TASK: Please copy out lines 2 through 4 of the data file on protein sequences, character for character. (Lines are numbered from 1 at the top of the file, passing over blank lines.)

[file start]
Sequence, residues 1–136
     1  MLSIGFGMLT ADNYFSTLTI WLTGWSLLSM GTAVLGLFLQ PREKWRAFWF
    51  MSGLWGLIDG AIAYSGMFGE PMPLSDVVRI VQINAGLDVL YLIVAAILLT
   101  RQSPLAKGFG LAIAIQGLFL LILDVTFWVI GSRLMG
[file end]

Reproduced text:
     1  MLSIGFGMLT ADNYFSTLTI WLTGWSLLSM GTAVLGLFLQ PREKWRAFWF
    51  MSGLWGLIDG AIAYSGMFGE PMPLSDVVRI VQINAGLDVL YLIVAAILLT
   101  RQSPLAKGFG LAIAIQGLFL LILDVTFWVI GSRLMG